August 23, 2016
Dave’s Best Jokes from Edinburgh Fringe 2016.
Edinburgh, 23rd August 2016: Award-winning entertainment channel Dave has announced the winner of the ninth annual award for Dave’s Funniest Joke of the Fringe.
In a brand new show for the Edinburgh Fringe Festival, West Bromwich-based comic Masai Graham produced the joke which 27% of the respondents voted their funniest joke of the Fringe; ‘My dad suggested I register for a donor card, he’s a man after my own heart.’
The announcement is the ninth year for the coveted award whose previous winners include Tim Vine, Rob Auton, Stewart Francis, Zoe Lyons and Nick Helm.
In its mission to find the most hilarious one-liners, Dave enlisted the help of an expert panel of ten judges, consisting of the UK’s foremost comedy critics. They scoured venues at the world-famous Edinburgh Festival Fringe over a week-long period to nominate their five favourite jokes. The shortlisted gags were then put to 2,000 Brits, with no reference to the comedians who told them, who then voted for the jokes they found the funniest.
Dave’s Top 15 Funniest Jokes from the Fringe Festival 2016
“My dad has suggested that I register for a donor card. He’s a man after my own heart.” – Masai Graham– 27%
“Why is it old people say “there’s no place like home”, yet when you put them in one…” – Stuart Mitchell – 25%
“I’ve been happily married for four years – out of a total of 10.” – Mark Watson – 21%
“Apparently 1 in 3 Britons are conceived in an IKEA bed which is mad because those places are really well lit.” – Mark Smith – 21%
“I went to a pub quiz in Liverpool, had a few drinks so wasn’t much use. Just for a laugh I wrote The Beatles or Steven Gerrard for every answer… came second.” – Will Duggan – 20%
“Brexit is a terrible name, sounds like cereal you eat when you are constipated.” – Tiff Stevenson – 20%
“I often confuse Americans and Canadians. By using long words.” – Gary Delaney – 18%
“Why is Henry’s wife covered in tooth marks? Because he’s Tudor.” – Adele Cliff – 16%
“Don’t you hate it when people assume you’re rich because you sound posh and went to private school and have loads of money?” – Annie McGrath – 15%
“Is it possible to mistake schizophrenia for telepathy, I hear you ask.” – Jordan Brookes – 15%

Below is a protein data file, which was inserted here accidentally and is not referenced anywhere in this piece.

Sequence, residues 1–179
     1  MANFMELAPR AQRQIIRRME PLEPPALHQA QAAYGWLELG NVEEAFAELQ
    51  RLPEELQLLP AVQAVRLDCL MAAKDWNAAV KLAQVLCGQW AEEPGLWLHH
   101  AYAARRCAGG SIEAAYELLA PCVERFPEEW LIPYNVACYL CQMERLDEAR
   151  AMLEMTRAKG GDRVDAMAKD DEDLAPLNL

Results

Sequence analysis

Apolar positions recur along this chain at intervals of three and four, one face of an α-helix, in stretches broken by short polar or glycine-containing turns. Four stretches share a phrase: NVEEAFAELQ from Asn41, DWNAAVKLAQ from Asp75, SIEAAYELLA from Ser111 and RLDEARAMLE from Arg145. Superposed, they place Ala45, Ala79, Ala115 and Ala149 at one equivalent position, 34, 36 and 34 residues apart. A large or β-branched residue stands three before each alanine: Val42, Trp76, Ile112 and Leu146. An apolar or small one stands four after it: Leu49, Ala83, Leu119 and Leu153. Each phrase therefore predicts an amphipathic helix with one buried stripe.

“Hilary Clinton has shown that any woman can be President, as long as your husband did it first.” – Michelle Wolf – 15%
“I spotted a marmite van on the motorway. It was heading yeastbound.” – Roger Swift – 14%
“Back in the day, Instagram just meant a really efficient drug dealer.” – Arthur Smith – 13%
“I’ll tell you what’s unnatural in the eyes of God. Contact lenses.” – Zoe Lyons – 13%
“Elton John hates ordering Chinese food. Soya seems to be the hardest word.” – Phil Nicol – 12%
On being awarded the top spot, Masai Graham, self-proclaimed “General Punochet”, said “I’m proud and honoured to win Joke of the Fringe. The funny thing is that it was Dave’s Joke of The Fringe that inspired me to become a comic. I remember picking up the paper years ago, reading the top 10 gags and wondering if I could write a decent one myself, so it feels fantastic to have actually won!”
In order to compile the shortlist, each of the judges sat through an average of 60 different comedy performances and sifted through more than 3,600 minutes of material. This meant they each had a potential pool of around 7,200* different jokes to choose from.
The Dave award, which is open to both established and up-and-coming comedians, pays homage to the wealth of talent on offer at the Edinburgh Festival Fringe whilst shining a spotlight on the individual jokes, not just the performances. In fact, so as to ensure the jokes are ranked fairly, the comedian’s name or show are not revealed during the voting process – it is purely down to the jokes themselves.
Steve North, General Manager of Dave commented: “The Fringe is renowned for being the best place to spot new and emerging comedy talent, and although there are some returning contenders in our top 10 this year, there is a high volume of new talent which is very exciting to see.”
The Edinburgh Fringe Festival is widely acknowledged to be the biggest arts festival in the world and takes place every August for three weeks in Scotland’s capital city. Starting in 1947, it was seen as a post-war initiative to reunite Europe through culture, and was so successful that it inspired more performers than there was room for.